Tomas Halik admits questioning the scope of papal infallibility during a private Vatican dinner with Pope John Paul II in November 1989, when the pontiff told him: "This is the end of communism . . . Get ready: you too will soon be free!"
"He said 'you must be prepared for great change in your country', but I didn't expect it to happen so quickly," recalls Halik, a member of the "underground church" in Czechoslovakia who was secretly ordained as a priest in 1978 in East Germany.
A couple of days after that memorable dinner, the Berlin Wall was breached and within a fortnight hundreds of thousands of Czechoslovaks were rallying in Prague during what would become known as the Velvet Revolution.
Halik (71) says the revolution healed the nation and united church leaders such as Cardinal Frantisek Tomasek and Vaclav Maly with Vaclav Havel and other secular intellectuals who, within weeks, were being catapulted into power.
Jiri Pehe, now the director of the New York University in Prague, remembers finding his homeland changing at bewildering pace when he returned from Munich in early December 1989 to report for Radio Free Europe.
He went to visit Petr Uhl, a dissident journalist and signatory of Charter 77 – a manifesto demanding respect for human rights in Czechoslovakia – who was stoking boilers in the Prague metro after being barred from any more influential post. Jiri Dienstbier, another reporter-turned-dissident, fed the furnaces alongside him.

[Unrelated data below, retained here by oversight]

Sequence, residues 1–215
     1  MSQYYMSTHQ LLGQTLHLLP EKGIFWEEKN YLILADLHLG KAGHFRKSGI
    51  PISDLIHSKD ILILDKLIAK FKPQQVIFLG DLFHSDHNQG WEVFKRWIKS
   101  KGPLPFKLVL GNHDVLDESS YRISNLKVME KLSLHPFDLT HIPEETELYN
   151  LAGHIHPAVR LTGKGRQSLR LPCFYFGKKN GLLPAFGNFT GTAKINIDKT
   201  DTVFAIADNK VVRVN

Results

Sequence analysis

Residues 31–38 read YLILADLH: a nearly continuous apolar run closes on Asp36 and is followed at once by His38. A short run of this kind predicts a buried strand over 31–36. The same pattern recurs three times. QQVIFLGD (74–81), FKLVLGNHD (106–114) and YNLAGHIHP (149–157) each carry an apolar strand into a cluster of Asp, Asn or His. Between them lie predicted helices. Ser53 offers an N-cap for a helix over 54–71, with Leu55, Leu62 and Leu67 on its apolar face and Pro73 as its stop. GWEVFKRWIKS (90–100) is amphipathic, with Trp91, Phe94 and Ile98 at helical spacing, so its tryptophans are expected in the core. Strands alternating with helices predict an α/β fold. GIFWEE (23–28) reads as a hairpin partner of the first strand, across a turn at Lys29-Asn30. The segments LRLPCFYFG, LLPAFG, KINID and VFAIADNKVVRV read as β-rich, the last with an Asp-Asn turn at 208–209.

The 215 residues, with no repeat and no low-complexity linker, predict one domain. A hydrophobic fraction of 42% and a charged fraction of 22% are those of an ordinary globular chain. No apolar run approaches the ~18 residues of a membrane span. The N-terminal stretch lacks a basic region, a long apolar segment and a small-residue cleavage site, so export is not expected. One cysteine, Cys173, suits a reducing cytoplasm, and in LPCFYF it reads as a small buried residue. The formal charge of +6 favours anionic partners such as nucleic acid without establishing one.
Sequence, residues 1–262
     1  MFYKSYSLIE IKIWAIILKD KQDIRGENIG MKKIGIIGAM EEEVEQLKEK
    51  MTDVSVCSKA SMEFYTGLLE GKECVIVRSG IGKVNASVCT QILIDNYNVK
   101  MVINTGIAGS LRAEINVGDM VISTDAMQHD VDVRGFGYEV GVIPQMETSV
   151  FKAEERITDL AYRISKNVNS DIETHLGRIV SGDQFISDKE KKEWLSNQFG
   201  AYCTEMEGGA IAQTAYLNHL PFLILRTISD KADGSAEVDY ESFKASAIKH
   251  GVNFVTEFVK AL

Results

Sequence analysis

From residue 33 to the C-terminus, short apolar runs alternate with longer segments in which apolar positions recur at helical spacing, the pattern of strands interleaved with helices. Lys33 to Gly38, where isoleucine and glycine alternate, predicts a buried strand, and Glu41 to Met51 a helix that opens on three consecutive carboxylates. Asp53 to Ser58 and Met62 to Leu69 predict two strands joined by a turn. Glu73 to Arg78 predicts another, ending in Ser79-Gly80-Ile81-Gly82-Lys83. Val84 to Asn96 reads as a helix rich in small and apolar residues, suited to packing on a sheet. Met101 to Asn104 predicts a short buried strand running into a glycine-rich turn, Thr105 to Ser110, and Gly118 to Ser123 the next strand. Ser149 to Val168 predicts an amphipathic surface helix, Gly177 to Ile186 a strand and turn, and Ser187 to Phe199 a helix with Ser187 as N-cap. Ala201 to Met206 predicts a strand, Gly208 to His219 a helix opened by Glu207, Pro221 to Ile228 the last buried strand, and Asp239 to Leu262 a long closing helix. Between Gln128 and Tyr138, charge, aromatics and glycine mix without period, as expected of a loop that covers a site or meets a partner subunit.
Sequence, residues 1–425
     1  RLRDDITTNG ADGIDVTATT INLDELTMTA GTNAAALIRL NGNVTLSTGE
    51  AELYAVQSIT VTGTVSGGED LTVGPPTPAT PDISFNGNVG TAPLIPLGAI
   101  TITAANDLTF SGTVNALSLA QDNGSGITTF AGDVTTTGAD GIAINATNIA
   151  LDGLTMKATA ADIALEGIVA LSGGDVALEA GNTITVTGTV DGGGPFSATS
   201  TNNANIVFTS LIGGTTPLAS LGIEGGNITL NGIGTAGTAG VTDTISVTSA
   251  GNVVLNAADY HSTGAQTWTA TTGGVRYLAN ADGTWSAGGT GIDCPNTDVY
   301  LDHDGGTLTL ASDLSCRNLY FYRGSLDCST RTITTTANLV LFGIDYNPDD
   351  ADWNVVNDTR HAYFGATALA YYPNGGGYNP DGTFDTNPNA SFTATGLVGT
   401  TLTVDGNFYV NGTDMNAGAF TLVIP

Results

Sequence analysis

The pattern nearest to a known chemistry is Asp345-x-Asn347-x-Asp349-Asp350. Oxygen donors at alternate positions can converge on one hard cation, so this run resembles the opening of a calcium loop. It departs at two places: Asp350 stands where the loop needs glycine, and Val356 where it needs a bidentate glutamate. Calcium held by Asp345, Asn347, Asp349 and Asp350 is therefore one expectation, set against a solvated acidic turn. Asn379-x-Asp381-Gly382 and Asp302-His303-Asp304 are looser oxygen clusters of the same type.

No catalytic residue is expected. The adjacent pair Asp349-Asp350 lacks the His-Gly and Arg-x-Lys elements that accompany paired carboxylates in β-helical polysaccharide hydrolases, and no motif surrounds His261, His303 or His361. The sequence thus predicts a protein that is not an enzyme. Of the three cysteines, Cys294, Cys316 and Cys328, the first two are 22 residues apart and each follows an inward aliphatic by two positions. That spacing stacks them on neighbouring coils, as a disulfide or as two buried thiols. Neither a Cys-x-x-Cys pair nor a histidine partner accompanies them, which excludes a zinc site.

“I was at Uhl’s flat when a guy from the boiler room rang up and asked angrily what was going on – Dienstbier hadn’t turned up for his shift,” Pehe recalls.
“Uhl replied: ‘Sorry, I was just about to call you. I think you’ll have to get by without Jiri – he’s just been appointed as the minister of foreign affairs.”
Czechoslovak Press Agency
“‘And what about you?’ the boiler-man asked Uhl. ‘Don’t worry, I’ll be there for three more weeks,’ Petr replied. ‘And then I’m going to be the director of the Czechoslovak Press Agency.”
Czechoslovakia's neighbours had blazed a trail for democracy that summer, as Poland held the first partly free elections in the communist bloc and appointed a non-communist prime minister, and Hungary scrapped the one-party state and opened its borders to let thousands of East Germans reach the West via Austria.
When the Berlin Wall fell on November 9th, Prague began to believe that Mikhail Gorbachev’s Kremlin would stick to its new “Sinatra Doctrine” and allow the nations of Eastern Europe to do things “their way”, without triggering a repeat of the Soviet crackdowns on Hungary in 1956 and Czechoslovakia in 1968.
"Roughly since the middle of 1989, the hope began to loom and finally led up to the Velvet Revolution," says Pavel Rychetsky, the president of the Czech constitutional court. "What surprised me most was the speed of change, the speed of collapse of the puppet regime when it had lost its puppeteer, its mentor and protector in the Kremlin."
The regime removed him from Prague’s municipal court and Charles University over to his opposition to political trials, and he criticised the communists in articles published abroad and in underground “samizdat” form at home.
Riot police attacked